Jelly's first jam

By Published on .

Most Popular
It will be hard to top growth spurred by a personal endorsement from a U.S. president, but Jelly Belly Candy Co. will try to do just that with its first TV brand campaign and other consumer-driven marketing tactics.

The fifth generation, family-owned candy company has built its jelly beans into a roughly $80 million brand with more than 90% awareness levels, mostly through grass-roots efforts. Since Ronald Reagan named Jelly Belly as his favorite candy in 1981, the company has used PR and event sampling as its main marketing vehicles, including sponsoring a Jelly Belly Nascar truck, and welcoming more than 500,000 visitors a year to its Fairfield, Calif., headquarters.

Now, after joining the former Herman Goelitz Candy Co. and Goelitz Confectionery Co. units under the moniker of its signature product-Jelly Belly-the $100 million company is ready to extend the ubiquitous brand even further with a targeted cable and outdoor campaign in nine cities.

"We're just at that point in our life cycle where to continue the growth of the brand, we needed to test TV," said John Harrington, director of marketing. Mr. Harrington joined Jelly Belly two years ago, bringing to the 132-year-old company classical brand management training earned during his decade-long stint at Nestle USA's Stouffer's Food division. At Stouffer's, Mr. Harrington helped double the size of the company with the introduction of Lean Cuisine; he said he plans to similarly double sales at Jelly Belly over the next five years.

"The company needed someone who understood branding, advertising and package design. For a while now, we have been focused on the [retail] customer, and now we just want to focus on the consumer," he said.

The new "Show your flavor" campaign, from Walnut Creek, Calif.-based Clear Ink, kicks off Sept. 10 in cities including Boston and San Francisco. The creative is a result of research, Mr. Harrington said, that showed consumers are very passionate and intense about Jelly Belly's true-to-life flavors. Such passion is evident from the hundreds of e-mails that flood in from consumers on a daily basis, he said. One Stanford student suggested that if he destroyed the world by fire it wouldn't be as big a mistake as buttered popcorn, while another opined that he could relate to juicy pear because the flavor, while shy on the outside, is wild and full of life on the inside.

The TV campaign and a supplemental outdoor effort appearing at venues from movie theaters to malls, is intended to "capture the individuality...of the relationship consumers have with their favorite flavors," said Kim Shugart, president-CEO of Clear Ink. In the spot targeting the 11-to-17-year old mall crowd, a lively Jelly Belly song plays while a smattering of kids stick out their tongues to show off their favorite Jelly Belly flavors. The spot targeting older "empty nesters" plays the same tune but features adults from businessmen in suits to security guards.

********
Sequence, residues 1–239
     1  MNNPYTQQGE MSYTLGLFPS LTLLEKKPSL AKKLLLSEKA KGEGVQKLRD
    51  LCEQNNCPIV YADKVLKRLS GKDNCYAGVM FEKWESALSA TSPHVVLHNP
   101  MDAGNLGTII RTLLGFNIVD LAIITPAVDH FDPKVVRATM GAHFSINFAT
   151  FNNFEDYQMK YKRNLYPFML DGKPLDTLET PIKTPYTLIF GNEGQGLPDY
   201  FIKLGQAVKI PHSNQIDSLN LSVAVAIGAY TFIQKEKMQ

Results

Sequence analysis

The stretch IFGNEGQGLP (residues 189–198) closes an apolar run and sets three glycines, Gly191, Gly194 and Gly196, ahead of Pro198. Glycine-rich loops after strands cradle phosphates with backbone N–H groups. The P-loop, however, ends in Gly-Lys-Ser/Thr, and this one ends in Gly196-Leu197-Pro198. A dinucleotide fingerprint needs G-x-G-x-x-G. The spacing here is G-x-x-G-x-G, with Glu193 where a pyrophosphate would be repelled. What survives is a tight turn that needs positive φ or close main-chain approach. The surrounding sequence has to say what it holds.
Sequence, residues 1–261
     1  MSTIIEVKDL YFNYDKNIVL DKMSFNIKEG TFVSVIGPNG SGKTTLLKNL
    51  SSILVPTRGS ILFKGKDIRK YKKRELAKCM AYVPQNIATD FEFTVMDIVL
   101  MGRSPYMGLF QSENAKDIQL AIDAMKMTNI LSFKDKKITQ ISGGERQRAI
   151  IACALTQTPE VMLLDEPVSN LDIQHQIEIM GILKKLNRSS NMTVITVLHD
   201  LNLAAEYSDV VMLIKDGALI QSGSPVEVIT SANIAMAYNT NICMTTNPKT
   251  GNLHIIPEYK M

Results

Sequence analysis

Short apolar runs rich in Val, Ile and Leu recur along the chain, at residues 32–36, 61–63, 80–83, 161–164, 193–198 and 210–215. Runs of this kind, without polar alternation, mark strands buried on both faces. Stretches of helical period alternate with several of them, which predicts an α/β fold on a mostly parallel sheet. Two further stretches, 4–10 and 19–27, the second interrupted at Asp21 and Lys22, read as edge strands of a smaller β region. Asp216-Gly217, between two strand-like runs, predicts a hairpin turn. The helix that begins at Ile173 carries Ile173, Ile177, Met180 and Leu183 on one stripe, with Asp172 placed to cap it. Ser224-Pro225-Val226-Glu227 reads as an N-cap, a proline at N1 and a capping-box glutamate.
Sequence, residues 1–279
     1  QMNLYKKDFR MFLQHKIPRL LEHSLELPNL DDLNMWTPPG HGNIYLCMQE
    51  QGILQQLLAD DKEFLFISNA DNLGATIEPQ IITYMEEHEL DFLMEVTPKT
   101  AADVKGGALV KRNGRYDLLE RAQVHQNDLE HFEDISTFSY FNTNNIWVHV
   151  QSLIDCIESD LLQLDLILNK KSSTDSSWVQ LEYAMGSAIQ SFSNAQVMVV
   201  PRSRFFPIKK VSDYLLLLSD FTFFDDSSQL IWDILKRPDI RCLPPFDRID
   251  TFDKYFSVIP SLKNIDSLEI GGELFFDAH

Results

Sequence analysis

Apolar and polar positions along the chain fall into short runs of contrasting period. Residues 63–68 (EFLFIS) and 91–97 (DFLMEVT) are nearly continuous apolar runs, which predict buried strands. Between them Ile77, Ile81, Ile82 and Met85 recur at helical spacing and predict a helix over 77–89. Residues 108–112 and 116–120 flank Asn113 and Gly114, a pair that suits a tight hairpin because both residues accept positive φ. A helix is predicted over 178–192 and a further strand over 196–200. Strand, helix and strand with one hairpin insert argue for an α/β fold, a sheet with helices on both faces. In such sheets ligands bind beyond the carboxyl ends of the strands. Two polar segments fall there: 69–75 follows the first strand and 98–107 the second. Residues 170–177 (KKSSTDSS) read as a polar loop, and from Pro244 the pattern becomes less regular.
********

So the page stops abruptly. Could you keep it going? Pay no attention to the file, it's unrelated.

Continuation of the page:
The media plan, roughly the same $1.5 million Jelly Belly has previously put toward product-specific magazine ads, is all cable, with buys on networks like Nickelodeon and MTV for kids, and TNT and Discovery Channel for adults. Clear Ink designed the buy to coincide with a large-scale in-store effort it will wage in gourmet stores throughout the test markets to help track the correlation between brand advertising and sales. In fact, Mr. Shugart admitted, it's possible in-store efforts, including giveaways and contests tied to the "Show your flavor" campaign, might drive more sales than the TV. "The awareness levels for the brand are so high and people are already right there," he said. "Everybody knows we're good, everybody has a favorite flavor, the crux of the problem we're trying to solve is how to get consumers to buy one more bag a month, to buy every two weeks."

The same ubiquity that makes TV advertising a not-necessarily needle-moving endeavor is what has drawn the attention of potential suitors for Jelly Belly. By all accounts, many offers have been extended to buy Jelly Belly and the Goelitz brand of gourmet confections. They were rebuffed by hands-on owner and Chairman Herman Rowland. The 60-year-old great-grandson of candy company founder Gustav Goelitz developed the all-natural Jelly Belly jelly bean in 1976 and has said definitively he will not sell the company. To ensure family ownership continues, three of Mr. Rowland's four children and a son-in-law are on board learning the business. A second cousin of Mr. Rowland's, Bill Kelley, is vice chairman.

Mr. Harrington said Jelly Belly plans extend the brand beyond jelly beans next year, and to extend distribution to gourmet and specialty stores as well as national accounts.

In this article: